Written by: Ayelet Dekel
The colors are just as vivid, if darker, the frenetic energy and emotional urgency of the original remains undiminished, one of the best scenes takes place in a toilet, and T2 Trainspotting still speaks in the voice of its generation. Director Danny Boyle’s sequel to the eviscerating, exhilarating, shocker that was Trainspotting takes up with Mark Renton (Ewan McGregor) twenty years after we last saw him leaving his “so-called mates” behind, walking toward the future, smiling, with nothing to weigh him down but a bag of money, saying: “I’m going to change…I’m going to be just like you.”
Where is 46-year-old Mark going? He’s going back to Edinburgh, where perhaps the real shocker – given their way of life – is that his old mates and enemies are still alive, if not quite well. Simon (Jonny Lee Miller), aka Sick Boy, who manages a failing pub while pursuing other nefarious schemes on the side, has neither forgotten nor forgiven Mark’s betrayal. Then again, what could Mark have expected after running off with the cash? Spud (Ewen Bremner) with his perpetually fearful and bewildered expression, seems baffled by life, and still in the hold of the needle. Begbie (Robert Carlyle) is in jail, violent and ready to rage as ever.
T2 Trainspotting is a film that engages with the past, and the lasting impact of past choices in the present lives of its characters and their relationships. Brief glimpses of Mark and the others when they were boys flash by in vintage grain and color, as well as fleeting images from, and references to the first film. If Trainspotting conveyed the surreal highs and raw, abrasive reality of being young, addicted and poor, then the sequel deals in the fragility of any sense of well-being, confronting an emptiness at the center of it all.
One of the many classic scenes from Trainspotting is when Mark, while running, is struck by a car and rolls across the hood, standing up he looks stunned, then breaks into a laugh. The scene is referenced twice, in different ways, in the current film, and it might be an apt metaphor for Mark Renton’s life. He’s running away from, rather than towards something, and inevitably, he’s going to get hit. What keeps him going, and makes him fascinating to watch, is that manic smile, that hunger for more, that lust for life.
Whether exploring the gritty details that seem almost too bizarre to be really happening, or indulging in dreamy visuals, T2 Trainspotting is a fun, action-filled, stylized ride, much in the manner of its predecessor. Yet given that when we last saw him, Mark was saying, “I want to change,” the question lingering at the back of my mind as I watched him inexorably drawn back to Edinburgh, Sick Boy and other shenanigans, is the question anyone would ask after a twenty-year interval: what has changed? He’s kicked heroin, and that’s close to miraculous. However, within the first few minutes of T2, the life that he has constructed falls apart, and he can think of nothing else to do but go home. Simon has not changed a whit, and Spud is also still floundering in addiction and its aftermath. Even in their glory days, despite the music and the thrills, Renton, Sick Boy, Spud and Begbie led lives of theft, casual betrayal, and random violence, led by self-absorption and selfish desires. “I’m 46 and fucked,” Mark declares. Well, no wonder.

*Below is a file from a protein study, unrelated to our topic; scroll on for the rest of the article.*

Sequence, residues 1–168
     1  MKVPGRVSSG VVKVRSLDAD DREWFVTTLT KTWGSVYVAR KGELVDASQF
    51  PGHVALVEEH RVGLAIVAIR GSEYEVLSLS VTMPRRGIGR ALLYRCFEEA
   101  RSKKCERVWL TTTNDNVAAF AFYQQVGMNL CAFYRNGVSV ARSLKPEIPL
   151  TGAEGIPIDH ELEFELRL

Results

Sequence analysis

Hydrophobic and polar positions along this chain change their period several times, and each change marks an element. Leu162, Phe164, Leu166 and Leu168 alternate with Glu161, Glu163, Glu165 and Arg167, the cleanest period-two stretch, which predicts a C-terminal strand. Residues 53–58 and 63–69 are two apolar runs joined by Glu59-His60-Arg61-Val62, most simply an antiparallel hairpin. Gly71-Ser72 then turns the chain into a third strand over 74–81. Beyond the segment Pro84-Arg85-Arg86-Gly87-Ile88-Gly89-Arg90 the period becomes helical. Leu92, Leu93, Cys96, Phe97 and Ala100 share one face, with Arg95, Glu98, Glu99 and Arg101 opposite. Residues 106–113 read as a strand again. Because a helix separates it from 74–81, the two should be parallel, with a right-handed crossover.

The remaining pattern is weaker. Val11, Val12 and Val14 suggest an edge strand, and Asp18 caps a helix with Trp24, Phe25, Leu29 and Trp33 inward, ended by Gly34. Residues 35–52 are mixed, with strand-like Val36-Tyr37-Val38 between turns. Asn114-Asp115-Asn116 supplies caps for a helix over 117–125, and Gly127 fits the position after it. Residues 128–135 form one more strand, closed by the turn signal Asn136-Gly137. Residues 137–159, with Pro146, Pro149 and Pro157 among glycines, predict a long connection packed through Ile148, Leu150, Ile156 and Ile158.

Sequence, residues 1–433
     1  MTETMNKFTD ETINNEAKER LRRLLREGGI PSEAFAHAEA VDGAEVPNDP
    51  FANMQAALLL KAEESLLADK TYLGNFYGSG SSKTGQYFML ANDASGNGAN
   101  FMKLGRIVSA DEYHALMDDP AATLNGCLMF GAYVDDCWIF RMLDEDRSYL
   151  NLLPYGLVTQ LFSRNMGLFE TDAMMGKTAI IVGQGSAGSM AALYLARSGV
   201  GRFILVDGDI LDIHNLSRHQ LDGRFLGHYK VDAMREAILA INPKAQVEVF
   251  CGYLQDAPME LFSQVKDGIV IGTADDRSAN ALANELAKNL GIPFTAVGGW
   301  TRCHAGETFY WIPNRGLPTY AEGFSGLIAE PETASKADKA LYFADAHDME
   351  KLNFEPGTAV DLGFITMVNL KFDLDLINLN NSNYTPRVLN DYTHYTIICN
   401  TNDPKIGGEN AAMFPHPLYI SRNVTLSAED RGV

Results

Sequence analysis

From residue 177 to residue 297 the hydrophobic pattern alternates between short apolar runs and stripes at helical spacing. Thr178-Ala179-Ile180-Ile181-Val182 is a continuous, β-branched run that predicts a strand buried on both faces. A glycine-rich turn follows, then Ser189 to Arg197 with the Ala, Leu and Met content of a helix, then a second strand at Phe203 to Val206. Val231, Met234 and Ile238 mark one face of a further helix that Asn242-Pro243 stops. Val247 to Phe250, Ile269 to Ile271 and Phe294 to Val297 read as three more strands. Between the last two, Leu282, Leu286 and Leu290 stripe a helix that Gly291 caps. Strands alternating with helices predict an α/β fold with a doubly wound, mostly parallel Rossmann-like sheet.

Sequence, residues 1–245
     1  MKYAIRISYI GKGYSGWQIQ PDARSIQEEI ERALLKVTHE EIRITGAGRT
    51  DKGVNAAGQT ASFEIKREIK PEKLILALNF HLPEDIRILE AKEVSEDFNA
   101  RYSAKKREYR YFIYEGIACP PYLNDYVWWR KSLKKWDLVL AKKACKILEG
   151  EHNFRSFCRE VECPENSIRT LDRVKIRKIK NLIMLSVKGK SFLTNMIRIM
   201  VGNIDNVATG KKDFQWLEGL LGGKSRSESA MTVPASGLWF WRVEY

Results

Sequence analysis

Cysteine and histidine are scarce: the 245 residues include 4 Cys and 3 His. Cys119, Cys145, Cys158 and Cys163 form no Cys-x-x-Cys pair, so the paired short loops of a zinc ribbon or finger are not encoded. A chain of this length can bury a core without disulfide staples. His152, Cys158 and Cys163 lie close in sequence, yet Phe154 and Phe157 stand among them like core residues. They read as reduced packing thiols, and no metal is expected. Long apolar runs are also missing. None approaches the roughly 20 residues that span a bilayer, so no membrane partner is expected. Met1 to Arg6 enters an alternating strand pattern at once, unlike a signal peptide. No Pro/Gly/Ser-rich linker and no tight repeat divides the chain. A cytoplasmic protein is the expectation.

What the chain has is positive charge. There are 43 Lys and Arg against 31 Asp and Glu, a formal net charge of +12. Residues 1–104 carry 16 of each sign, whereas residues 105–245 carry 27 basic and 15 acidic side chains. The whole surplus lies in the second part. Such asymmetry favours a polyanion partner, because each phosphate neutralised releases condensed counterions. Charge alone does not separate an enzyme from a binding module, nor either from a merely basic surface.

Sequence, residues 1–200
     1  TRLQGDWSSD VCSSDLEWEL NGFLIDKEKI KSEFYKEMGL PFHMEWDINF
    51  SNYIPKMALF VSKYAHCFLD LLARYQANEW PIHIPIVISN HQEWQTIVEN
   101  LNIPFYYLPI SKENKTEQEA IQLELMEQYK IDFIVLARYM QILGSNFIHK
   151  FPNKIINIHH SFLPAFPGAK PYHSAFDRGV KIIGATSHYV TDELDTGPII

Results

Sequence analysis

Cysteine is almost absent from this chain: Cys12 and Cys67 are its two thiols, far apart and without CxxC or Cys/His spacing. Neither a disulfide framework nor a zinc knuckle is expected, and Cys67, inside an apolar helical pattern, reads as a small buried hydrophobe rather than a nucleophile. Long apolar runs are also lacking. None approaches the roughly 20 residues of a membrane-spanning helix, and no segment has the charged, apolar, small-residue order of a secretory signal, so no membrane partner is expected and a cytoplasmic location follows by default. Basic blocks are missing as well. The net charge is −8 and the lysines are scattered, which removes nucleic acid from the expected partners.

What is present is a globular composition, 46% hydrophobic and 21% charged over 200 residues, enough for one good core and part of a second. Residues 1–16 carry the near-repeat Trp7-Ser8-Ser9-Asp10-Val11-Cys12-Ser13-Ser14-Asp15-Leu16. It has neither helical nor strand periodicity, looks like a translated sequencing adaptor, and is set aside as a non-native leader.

One of the most poignant moments in the film is when Mark riffs on “Choose Life,” a bitter counterpoint to the upbeat finale of Trainspotting, updated to include treats like “facebook shaming” and more or less along the lines of “choose disappointment.” The dark side of T2 is the acute awareness that much of what is considered to be a “life” is a mere shell, easily broken. T2 is a reflection on the long reach of past choices, our inextricable connection to the past, and an expression of longing for a time when it was all ahead of us. In Trainspotting, Mark said, “I’m going to be just like you,” and the frightening aspect of T2, is that he is, in so many ways, just like us, stuck in the middle of his life without direction, meaning, or hope.
Yet T2 Trainspotting has its surprises, as well as suspense, great soundtrack, elegant visuals, and excellent performances. Robert Carlyle is a veritable mountain of rage and vengeance, and Jonny Lee Miller makes bad look very good. Yet it is the hapless Spud who caught my attention from the first, the only one of this crew who appears to have a thought for anyone other than himself. Ewen Bremner’s body language is comic and endlessly expressive, making Spud’s awkwardness very endearing as well as hilarious. Older, not a heck of a lot wiser, the stuff of their lives may not be great, but it’s what they (we) have: live it and witness it, and Iggy Pop’s Lust for Life still makes a great anthem.
Director: Danny Boyle; Screenplay: John Hodge, adapted from the novels Trainspotting and Porno by Irvine Welsh; Cinematography: Anthony Dod Mantle; Editor: Jon Harris; Cast: Ewan McGregor, Jonny Lee Miller, Robert Carlyle, Ewen Bremner, Anjela Nedyalkova, Kelly Macdonald, Shirley Handerson, James Cosmo.